FLORENCE FOSTER JENKINS is in theaters August 12 and is rated PG-13.
Not many people know the story of Florence Foster Jenkins. Upon googling her I discovered that she was an American socialite, but apparently that was just one small part of a much bigger story. In theaters now, is Florence’s entire story starring Academy award-winning actress Meryl Streep playing Florence, a larger than life personality that helped music thrive in New York City while she lived.
“If you talk to most music students or drama students they know about her.” Meryl Streep shared about the real life Florence. Despite an obvious difference in talent, the iconic actress revealed that she did relate to her character’s experience. As a young actor in New York, there was that dread of the paper and the critics which Florence evaded for a time out of the same fear that Streep felt when she started out. “I remember the feeling of being in a play in New York and you’d just get this terrible feeling, terrible anixeity. You’d go buy the papers. It was so terribly old school.” Through that connection she was able to tap into Florence’s relatablity.
“I think the script is really masterful in the way it walks that line,” she said of Florence’s devotion to music which made her really sympathetic. In the real life, with her inheritance that allowed her to fund the arts to her heart’s content, she endeared herself to the great musicians of her time in order to entertain them with performances of her own.
Performances that her friends were too kind to tell her that they were awful lest they hurt her feelings or their budgets. In the film Hugh Grant plays her doting husband St. Clair Bayfield who goes out of the way to hold up Florence’s pure happy world, in which she believes she’s every bit as talented and passionate for music as her contemporaries. He said of Meryl’s role, “The character in our film, there’ certainly egotism there and the love of the limelight but it’s significantly offset by the passion for what she does. Her passion for music is always endearing and makes her sympathetic. Their relationship was very unorthodox; completely outside the norms especially for 1944, but it worked. There’s a line in the film where I say to McMoon, ‘Ours is a happy world,’ and I always thought that was the center of the film.”
Bayfield comedically funnels her money into keeping her guests happy, and to surround her with those who will always see her most authentic adoration and devotion to music despite her inability to actually sing. “They were together for 35 years. I’m sure there was a huge element of self-interest when this penniless actor is scooped up by a millionairess and given a postion and lovely suits. There was self interest in her part to have an aristocratic Englishman at her side. They loved the limelight. They were a glamorous couple.” said Grant on the complexity of Bayfield’s relationship to Florence. “They were together so long,” he affirmed, “They were passionately fond of each other. They would have protected each other to the end of the world.”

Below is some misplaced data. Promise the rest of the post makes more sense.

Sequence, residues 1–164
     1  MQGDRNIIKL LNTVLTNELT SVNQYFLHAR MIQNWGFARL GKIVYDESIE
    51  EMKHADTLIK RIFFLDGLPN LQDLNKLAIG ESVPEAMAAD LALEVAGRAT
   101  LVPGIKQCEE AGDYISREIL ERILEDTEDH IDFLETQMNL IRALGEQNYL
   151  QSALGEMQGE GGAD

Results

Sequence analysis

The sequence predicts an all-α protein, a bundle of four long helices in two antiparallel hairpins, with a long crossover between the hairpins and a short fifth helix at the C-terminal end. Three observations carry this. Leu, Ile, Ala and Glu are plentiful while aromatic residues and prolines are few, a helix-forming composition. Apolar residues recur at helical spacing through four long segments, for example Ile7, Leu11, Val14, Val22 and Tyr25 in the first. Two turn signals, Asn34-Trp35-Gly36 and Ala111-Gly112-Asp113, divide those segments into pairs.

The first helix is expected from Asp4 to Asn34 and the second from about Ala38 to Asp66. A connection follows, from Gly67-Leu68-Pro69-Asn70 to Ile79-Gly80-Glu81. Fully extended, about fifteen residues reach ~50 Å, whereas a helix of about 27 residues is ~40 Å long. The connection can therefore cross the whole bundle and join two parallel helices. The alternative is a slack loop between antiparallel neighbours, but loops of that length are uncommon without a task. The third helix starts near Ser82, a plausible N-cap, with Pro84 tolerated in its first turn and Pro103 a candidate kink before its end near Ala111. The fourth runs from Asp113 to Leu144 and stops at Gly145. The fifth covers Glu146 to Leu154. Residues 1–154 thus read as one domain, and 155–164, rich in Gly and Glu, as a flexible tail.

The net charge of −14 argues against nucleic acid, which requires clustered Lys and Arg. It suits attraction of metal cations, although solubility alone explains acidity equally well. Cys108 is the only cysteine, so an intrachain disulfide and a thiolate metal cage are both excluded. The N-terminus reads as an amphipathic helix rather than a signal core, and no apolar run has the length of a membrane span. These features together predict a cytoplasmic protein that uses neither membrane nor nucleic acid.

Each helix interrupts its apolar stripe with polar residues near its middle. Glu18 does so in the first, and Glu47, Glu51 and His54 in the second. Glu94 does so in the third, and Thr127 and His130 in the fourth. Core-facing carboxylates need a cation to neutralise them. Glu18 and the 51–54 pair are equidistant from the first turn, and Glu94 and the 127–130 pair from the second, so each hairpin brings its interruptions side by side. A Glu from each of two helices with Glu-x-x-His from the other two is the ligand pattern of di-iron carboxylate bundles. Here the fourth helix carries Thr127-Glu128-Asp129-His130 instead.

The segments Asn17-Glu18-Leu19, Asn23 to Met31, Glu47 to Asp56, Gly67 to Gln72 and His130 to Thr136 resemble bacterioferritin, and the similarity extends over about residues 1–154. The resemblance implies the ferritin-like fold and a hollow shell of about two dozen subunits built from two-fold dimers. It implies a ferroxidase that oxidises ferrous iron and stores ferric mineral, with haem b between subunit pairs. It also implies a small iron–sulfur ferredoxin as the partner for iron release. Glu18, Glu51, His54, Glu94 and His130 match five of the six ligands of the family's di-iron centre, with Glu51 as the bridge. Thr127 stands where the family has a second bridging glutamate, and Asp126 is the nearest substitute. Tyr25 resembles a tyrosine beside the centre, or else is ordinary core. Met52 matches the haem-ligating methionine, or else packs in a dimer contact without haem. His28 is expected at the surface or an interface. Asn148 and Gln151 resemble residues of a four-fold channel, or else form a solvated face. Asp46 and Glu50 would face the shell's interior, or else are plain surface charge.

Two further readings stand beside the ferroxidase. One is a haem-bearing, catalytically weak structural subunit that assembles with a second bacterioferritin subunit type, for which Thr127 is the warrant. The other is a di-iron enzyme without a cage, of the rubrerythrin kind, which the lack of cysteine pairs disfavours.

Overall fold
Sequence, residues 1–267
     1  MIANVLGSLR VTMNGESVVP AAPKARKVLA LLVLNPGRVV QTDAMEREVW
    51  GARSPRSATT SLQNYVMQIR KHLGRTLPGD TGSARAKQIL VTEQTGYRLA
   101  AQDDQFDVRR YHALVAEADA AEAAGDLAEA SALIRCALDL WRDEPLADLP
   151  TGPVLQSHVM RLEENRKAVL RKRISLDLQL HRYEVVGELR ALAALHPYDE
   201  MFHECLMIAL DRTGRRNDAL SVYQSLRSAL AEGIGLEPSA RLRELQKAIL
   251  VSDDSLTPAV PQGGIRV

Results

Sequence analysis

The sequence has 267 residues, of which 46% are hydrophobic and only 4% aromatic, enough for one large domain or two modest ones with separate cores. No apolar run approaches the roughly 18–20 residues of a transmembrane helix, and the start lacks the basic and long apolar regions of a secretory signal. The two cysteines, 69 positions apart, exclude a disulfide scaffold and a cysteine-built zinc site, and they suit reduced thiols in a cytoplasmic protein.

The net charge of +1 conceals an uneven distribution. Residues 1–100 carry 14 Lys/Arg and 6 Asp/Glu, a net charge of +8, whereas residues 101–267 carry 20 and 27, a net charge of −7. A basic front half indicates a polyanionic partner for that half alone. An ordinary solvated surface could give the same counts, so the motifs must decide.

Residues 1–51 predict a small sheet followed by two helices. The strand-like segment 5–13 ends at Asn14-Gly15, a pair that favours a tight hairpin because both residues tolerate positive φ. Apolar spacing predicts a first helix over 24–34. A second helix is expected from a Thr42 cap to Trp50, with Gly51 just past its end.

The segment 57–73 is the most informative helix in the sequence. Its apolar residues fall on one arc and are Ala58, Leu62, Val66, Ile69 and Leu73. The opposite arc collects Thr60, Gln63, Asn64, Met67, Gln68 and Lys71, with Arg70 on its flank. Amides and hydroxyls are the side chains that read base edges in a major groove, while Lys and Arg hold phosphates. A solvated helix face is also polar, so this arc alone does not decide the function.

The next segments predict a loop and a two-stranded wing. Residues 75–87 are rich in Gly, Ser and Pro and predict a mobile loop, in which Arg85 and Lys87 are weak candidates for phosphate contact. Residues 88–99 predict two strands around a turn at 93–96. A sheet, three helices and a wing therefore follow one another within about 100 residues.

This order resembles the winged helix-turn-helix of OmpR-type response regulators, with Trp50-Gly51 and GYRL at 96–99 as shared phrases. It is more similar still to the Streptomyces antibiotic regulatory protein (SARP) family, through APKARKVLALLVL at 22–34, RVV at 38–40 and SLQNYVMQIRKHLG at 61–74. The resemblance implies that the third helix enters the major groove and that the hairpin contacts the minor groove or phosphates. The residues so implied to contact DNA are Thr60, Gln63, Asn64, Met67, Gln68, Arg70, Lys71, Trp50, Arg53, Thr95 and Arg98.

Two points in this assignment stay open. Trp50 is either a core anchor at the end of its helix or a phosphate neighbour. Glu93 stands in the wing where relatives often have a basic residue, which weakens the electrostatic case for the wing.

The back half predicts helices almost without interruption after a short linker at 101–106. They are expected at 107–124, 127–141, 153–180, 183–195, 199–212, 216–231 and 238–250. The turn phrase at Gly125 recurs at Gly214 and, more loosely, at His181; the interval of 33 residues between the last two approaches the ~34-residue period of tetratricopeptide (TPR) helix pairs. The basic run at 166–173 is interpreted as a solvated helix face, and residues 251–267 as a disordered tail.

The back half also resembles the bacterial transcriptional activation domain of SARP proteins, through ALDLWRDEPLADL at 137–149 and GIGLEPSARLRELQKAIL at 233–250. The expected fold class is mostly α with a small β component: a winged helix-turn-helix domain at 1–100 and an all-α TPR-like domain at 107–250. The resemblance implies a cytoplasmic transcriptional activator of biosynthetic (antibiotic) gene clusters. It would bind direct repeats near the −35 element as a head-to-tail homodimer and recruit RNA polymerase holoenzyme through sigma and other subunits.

Early on in the film, you get introduced to an innocent young man auditioning to be her accompanying pianist, Cosme McMoon (Simon Helberg), who is immediately enchanted by her kindness and dedication to the arts before hearing her sing. “He was fresh off the boat and wandered into his dream job, and it wasn’t until he came back and she opened her mouth.” Helberg described how he thought McMoon’s reacted to Florence. “She was sort of like him in her innocence and her head in the clouds.”
Through him you come to realize that no one wants to break Florence’s heart by discouraging her to perfom. “There’s something very naive and open about him. He’s a very simple, genuine guy that has no sense of cynicism or judgement.” The film celebrates the intense friendship and care that both Bayfield and McMoon had for Florence.
Helberg described how easy it was to play that for Meryl Streep. He felt like any actor would getting the opportunity to costar with her, “Sometimes I did get lost just having a front row seat the greatest actor there is. It was a lesson in how to bring yourself to the thing that you love. She’s very welcoming and open and is only interested in telling the story in the best way it could be told.”
“It could have really gone wrong.” Streep elborated on how she viewed Florence in her interpretation. “It could have bent to ridicule her. It would have been easy enough to go in that direction. And she is ridiculous on so many levels.”
To Streep, playing Florence as less tragic and more just jovial was rooted in seeing how a woman of that time was able to live, “It was a time when women, especially women of means, to have a career wasn’t thought to be done. These women would make their way in society by joining clubs. She was a member of 60 clubs in New York City and that’s how they made their way. Good deeds. She inherited the money from her father and she just handed it out. She really did underwrite Carnegie Hall, and Toscanini did come begging all the time and she gave it away.”
Florence in many ways represents the audience that wishes they could be up on the stage doing the arts. Streep summed it up in her experience of people who like Florence ceaselessly keep it going, “I know people like this. Who are great patrons of the arts who are secretly like ‘I would love to be up there.'”
And so they in a way that no other group has, dedicate their recreational deeds on investing in something that is ultimately humanity’s greatest gift to one another. The importance of that isn’t lost on Streep who took that into her portrayal of Florence, “It’s the love of the thing.” she emphasized, “I found her touching and silly but we’re redeemed by who we love and how we love. That’s the main thing. It’s not how good she sang.”
Watch the trailer for Florence Foster Jenkins: